In May 2002, Buffett introduced the first negative interest loan tool. Berkshire stood firm against conventional expectations. But Munger and Buffett were sure of it. Now, Buffett invented something new. It was negative coupon security intended to provide something not available to investors. He raised around $400mn. In return, investors also got 3% yearly. Plus, they could buy Berkshire share at a 15% off in 5 years. Buffett called it SQUARZ. The best thing was that SQUARZ investor gave Berkshire a 3.7% premium yearly on the warrants. 

“In that era of capitalism in which we had scaled the in­tel­lec­tual barriers to progress but not yet torn down the walls of psychology and emotion, Buffett will stand out as the man who did.”

Berkshire Fundamentals

Such actions would harm other CEOs and frighten ordinary stockholders. But, not at Berkshire. Buffett understood one thing. That is, analysis through “year-ago-this-time” share price comparisons, is useless. The firm doesn’t pay any dividend. It sees its incentives and benefits as real costs. The firm maintains a simple annual report. There’s no use of a marketing company to speak with investors. It declines to divide its stock. Berkshire does everything possible to make its people comfortable. Also, it turns-down investors who aren’t ready to be with Berkshire in the long-run.

Buffett often says that a CEO must think what’s wrong with his firm. This’s especially so when investors are continuously selling and buying his firm’s stocks. For Buffett, his investors are his partners. So, he’d be worried if his partners were selling their stock so often. Does this contradict every teaching of Graham? To this Buffett has a fitting reply. “I’d be a beggar on the street if the market were efficient,” he says.

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The Real Warren Buffett Review

James O’Loughlin wrote an inspiring book about the quotes related to sports and real life.  He introduced incredible writings combined with magician’s vision that touches the heart of the reader.  At the start of his business, he was not like a genius businessman. His natural skills enabled him to improve as the first collected financial information’s about the traders and selects the stock that generates profits. After reading the book, I am feeling as full of courage. I have learned about the good qualities of managers and how excellent managers, as well as owners, learn about the industry. The terms and conditions in the business empower the business, and the owner can make more profits.

According to Buffett the business can be divided into four major boxes, and the boxes include uncertain and in signification things, worth remembering facts, essential but not possible things for the understanding, and the fourth box includes safety margins. The fact here depends on the efficiency of the market and the expectations of shareholders. The book told me about share prices and intrinsic values in the organizations. In the business, I tried to develop some partnerships with my friend and failed to convince him. The book enabled me to learn about effective operations that a manager can do to improve the business. The Aah moment in business depends on the experience and information of the manager. There are some alternative ways so the businessman can use to make burst entry in the market.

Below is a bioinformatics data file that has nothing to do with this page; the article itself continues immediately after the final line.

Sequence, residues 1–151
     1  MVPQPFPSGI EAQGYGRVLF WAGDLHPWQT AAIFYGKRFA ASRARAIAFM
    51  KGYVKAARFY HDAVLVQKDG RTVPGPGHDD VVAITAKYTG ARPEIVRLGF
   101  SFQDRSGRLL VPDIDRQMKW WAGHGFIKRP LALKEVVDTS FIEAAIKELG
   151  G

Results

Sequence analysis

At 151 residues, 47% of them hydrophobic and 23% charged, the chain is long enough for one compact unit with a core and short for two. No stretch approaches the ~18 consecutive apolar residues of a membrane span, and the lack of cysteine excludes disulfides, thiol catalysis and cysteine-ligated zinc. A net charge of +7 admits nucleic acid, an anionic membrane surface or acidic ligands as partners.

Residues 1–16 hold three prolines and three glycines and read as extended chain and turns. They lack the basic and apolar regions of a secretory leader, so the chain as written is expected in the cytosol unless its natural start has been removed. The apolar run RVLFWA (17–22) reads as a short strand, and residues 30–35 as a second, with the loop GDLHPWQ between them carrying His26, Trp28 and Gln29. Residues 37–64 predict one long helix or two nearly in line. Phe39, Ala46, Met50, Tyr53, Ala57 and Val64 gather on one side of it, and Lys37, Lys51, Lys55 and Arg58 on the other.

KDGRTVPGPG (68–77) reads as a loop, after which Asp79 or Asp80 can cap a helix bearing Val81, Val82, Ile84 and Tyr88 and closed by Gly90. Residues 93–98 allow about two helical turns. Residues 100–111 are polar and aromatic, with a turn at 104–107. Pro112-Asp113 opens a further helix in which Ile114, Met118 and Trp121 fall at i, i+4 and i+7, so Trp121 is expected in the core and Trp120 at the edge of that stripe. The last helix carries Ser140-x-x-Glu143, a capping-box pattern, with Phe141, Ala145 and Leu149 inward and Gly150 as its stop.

The best quote mentioned in the book was Buffett’s personal experience, and he described it as “in that era of capitalism in which we had scaled the in­tel­lec­tual barriers to progress but not yet torn down the walls of psychology and emotion, Buffett will stand out as the man who did”

The Real Warren Buffett Quotes

“Standing alone holds no fear for him: it never has. This is why he has the resolve to step away when prices deteriorate, why he glories in the loneliness of being logical.”

“In that era of capitalism in which we had scaled the in­tel­lec­tual barriers to progress but not yet torn down the walls of psychology and emotion, Buffett will stand out as the man who did.”

“Ben Franklin once said: ’Never confuse motion for action.’ Warren Buffett doesn’t. The trick is, he says, ’When there is nothing to do, do nothing’.”

“Buffett believes that trans­form­ing an area of knowledge into a Circle of Competence, and keeping it that way, can only be achieved if he constantly stress tests what he believes to be true.”

“Commitments to business manifest their own dynamics, divorced from their original conception, aggregated around self interest.”

“If he were to grow at the same rate as Buffett has managed to grow the value of Berkshire, by the time he is 37, he would be taller than the Empire State Building!”

“The law of the economic jungle is that high returns revert to the mean.”

“This is the objectivity that Buffett is seeking: business processes that generate statistical backgrounds allowing him to bring calibrated confidence to bear, to produce forecasts that can be made.”

“However, basing judgments on signals flashed by prices and informing decisions by deferring to contagious emotion are natural when investors have not set bounds to their Circle of Competence.”

“Con­se­quently, management to ex­pec­ta­tions has become endemic in the CEO community. Far more companies generate linear streams of earnings than can be explained by chance.”

About the Author

James O’Loughlin is an investment manager from England. He’s also the head of global equity strategy for Cooperative Insurance Society.